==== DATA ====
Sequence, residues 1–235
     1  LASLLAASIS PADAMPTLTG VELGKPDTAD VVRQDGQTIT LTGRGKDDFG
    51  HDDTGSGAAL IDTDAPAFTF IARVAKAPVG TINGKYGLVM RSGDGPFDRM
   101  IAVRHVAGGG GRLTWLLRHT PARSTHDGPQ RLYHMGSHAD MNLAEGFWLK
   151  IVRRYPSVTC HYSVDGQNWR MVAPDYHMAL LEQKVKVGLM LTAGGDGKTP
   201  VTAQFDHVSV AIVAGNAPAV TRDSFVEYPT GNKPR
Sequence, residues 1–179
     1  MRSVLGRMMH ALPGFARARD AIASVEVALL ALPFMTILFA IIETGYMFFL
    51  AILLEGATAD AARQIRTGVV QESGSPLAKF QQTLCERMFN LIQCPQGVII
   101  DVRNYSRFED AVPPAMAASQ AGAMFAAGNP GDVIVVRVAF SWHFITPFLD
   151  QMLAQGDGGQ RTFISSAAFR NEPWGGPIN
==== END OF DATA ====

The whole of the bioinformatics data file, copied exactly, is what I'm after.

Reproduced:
Sequence, residues 1–235
     1  LASLLAASIS PADAMPTLTG VELGKPDTAD VVRQDGQTIT LTGRGKDDFG
    51  HDDTGSGAAL IDTDAPAFTF IARVAKAPVG TINGKYGLVM RSGDGPFDRM
   101  IAVRHVAGGG GRLTWLLRHT PARSTHDGPQ RLYHMGSHAD MNLAEGFWLK
   151  IVRRYPSVTC HYSVDGQNWR MVAPDYHMAL LEQKVKVGLM LTAGGDGKTP
   201  VTAQFDHVSV AIVAGNAPAV TRDSFVEYPT GNKPR
Sequence, residues 1–179
     1  MRSVLGRMMH ALPGFARARD AIASVEVALL ALPFMTILFA IIETGYMFFL
    51  AILLEGATAD AARQIRTGVV QESGSPLAKF QQTLCERMFN LIQCPQGVII
   101  DVRNYSRFED AVPPAMAASQ AGAMFAAGNP GDVIVVRVAF SWHFITPFLD
   151  QMLAQGDGGQ RTFISSAAFR NEPWGGPIN